Today I am making Osha syrup.
Once a year my daughter comes down with the annual February flu. I saw it coming. I madly emailed other wise women asking if I could use Hemlock instead of Pine to make a syurup, and although they assured me it's not poisonous, I wasn't convinced it would work the same as sister white Pine. So Instead I have been making her regular old teas. Overnight the bug came on and this morning my rugged little blondie is a hot blooded red faced package of "uuuuugh, mommy, I feel awful".
Like the bear spirit I see Osha as, it came in strong, as a crisp peppery breeze (since often my connections are made via olifactory sense), and an unbeatable musculature. AH! That's it! I felt a surge of hope when I realized I could make the powerful, reliable, decoction of brother Osha. This would ensure that not only McKenzie would get better, but that my husband would not get it to begin with, because if HE gets the flu, it's nothing short of a hot lava volcanic houshold nightmare.
He is one of my earlier made plant allies. Ligusticum porteri. I read about it somewhere, Llewellen perhaps, about it's ability to protect one against malicious people (the book probably said 'evil' but to my 14 year old mind that equated most of the people in my classroom). So I bought a chunk of it from the local health market bulk herb section. I smelled it passionately, inhaling the easily absorbed srength that it resonated. I LOVED the earthy, peppery, rooty smell, it was empowering. I was sure that this, tucked into my private crocheted pouch, would protect me from 'evil'.
That was the first year I remember feeling a sense of victory. Self-assurance started to grow inside, this connection I had made with Osha began rooting itself throughout my veins, down into the earth, and into the roots of the plant kingdom. I started collecting glimpses of memories, snuck in silently and fragrantly by my mom, that reminded me of the power of herbs and plants. I started to feel that, along with my place in the world as a dancer, that I had a place in the world as a woman, a green woman, with ancestors, tribes, families before as well as ahead of me, part of the cosmic family tree. I became. It was my herbal puberty.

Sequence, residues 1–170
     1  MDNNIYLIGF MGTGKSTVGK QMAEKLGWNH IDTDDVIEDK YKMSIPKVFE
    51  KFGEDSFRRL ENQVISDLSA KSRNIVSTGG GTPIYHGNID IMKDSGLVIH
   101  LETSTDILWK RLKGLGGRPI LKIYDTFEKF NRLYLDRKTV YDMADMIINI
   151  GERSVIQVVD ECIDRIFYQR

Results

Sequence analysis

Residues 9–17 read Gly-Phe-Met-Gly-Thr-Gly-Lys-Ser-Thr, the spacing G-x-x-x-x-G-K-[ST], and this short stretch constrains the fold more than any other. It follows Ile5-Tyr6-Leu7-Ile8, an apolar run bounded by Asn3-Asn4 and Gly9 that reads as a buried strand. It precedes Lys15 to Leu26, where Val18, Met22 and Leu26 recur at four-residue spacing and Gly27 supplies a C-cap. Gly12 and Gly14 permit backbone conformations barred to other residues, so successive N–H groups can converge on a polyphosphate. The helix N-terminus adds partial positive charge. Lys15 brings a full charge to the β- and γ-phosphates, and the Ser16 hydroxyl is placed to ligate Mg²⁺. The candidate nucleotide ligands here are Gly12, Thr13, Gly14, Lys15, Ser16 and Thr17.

I'm not suggesting that Osha has any effect on the actual hormones. But to me, it had an effect of self empowerment and inner strength. A calm, unobrusive confidence. Deep health. Bear Medicine.
Osha, is the Bear's choice. It's the first thing they do when they peel out of hibernation, they sniff out Osha root, and eat it and it alone for a good 24-48 hours. It cleans their digestive system, heats thier circulation, grows new fur, brushes thier teeth, and exfoliates every part of them until they are refreshed, strong and re-empowered. Then they face the woods for thier season of bearhood.
In February we are trying to come out of hibernation too. We are trying to melt the snowcaps on our emotions, our work habbits, our closets of bulky sweaters, and too often are attacked by nasty viral bugs.
Osha's prized properties include Diaphoretic, stimulant, carminative, expectorant,and emmenagague.
An ideal ally for a winter flu, with his potent spicy, bitter, warm energy it quickly scares out even the worst virus' of the respiratory or digestive sytems. Tonsilitis and bronchitis are rendered helpless, parasites and food poisoning are overrun efficiently.
The vapors of simmering osha cleanses the air of germs, and most definitely wards of evil of any form. Osha provides strength for smooth transitions, from moon cycle changes to major life changes. It's a strong, fatherly, non-judgemental, bear hug just when you need it.
Although he doesn't come out of my cabinet hibernation very often, he makes a grand impression when he does. I absolutley love this wonderful root, and thank Goddess I have it today! McKenzie will be back to her Ox-self in no time.
Micheal Tierra in Planetary Herbology pp.153 writes:
"It (Osha) is used to treat colds, flus, fevers, coughs, cold phlegm diseases, indigestion, gas, delayes menses, and rheumatic complaints. This is one of the most important herbs of the Rocky Mountains, considered sacred by the Native Americans and widely esteemed by them for it's broad and effective warm healing power. Many tribes burned it as incense for purification, to ward off gross, pathogenic factors, and subtle negative influences. The energy of this North American herb is immediately apparent from it's strong odor, which illustrates superiority of fresh North American herbs over many of the older and weakerChinese Ligusticums that are exported for use.
Dosage: standard infusion or 3-9 grams; tincture: 10-30 drops"
In good green health,